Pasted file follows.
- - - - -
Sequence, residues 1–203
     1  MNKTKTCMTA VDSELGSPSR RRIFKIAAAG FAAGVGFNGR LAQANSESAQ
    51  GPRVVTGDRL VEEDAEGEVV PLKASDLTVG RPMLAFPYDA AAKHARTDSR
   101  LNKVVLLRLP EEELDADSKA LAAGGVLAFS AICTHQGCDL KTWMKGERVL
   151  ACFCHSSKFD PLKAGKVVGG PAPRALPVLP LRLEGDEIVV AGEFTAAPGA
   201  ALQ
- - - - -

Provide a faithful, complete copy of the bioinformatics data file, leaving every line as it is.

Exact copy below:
Sequence, residues 1–203
     1  MNKTKTCMTA VDSELGSPSR RRIFKIAAAG FAAGVGFNGR LAQANSESAQ
    51  GPRVVTGDRL VEEDAEGEVV PLKASDLTVG RPMLAFPYDA AAKHARTDSR
   101  LNKVVLLRLP EEELDADSKA LAAGGVLAFS AICTHQGCDL KTWMKGERVL
   151  ACFCHSSKFD PLKAGKVVGG PAPRALPVLP LRLEGDEIVV AGEFTAAPGA
   201  ALQ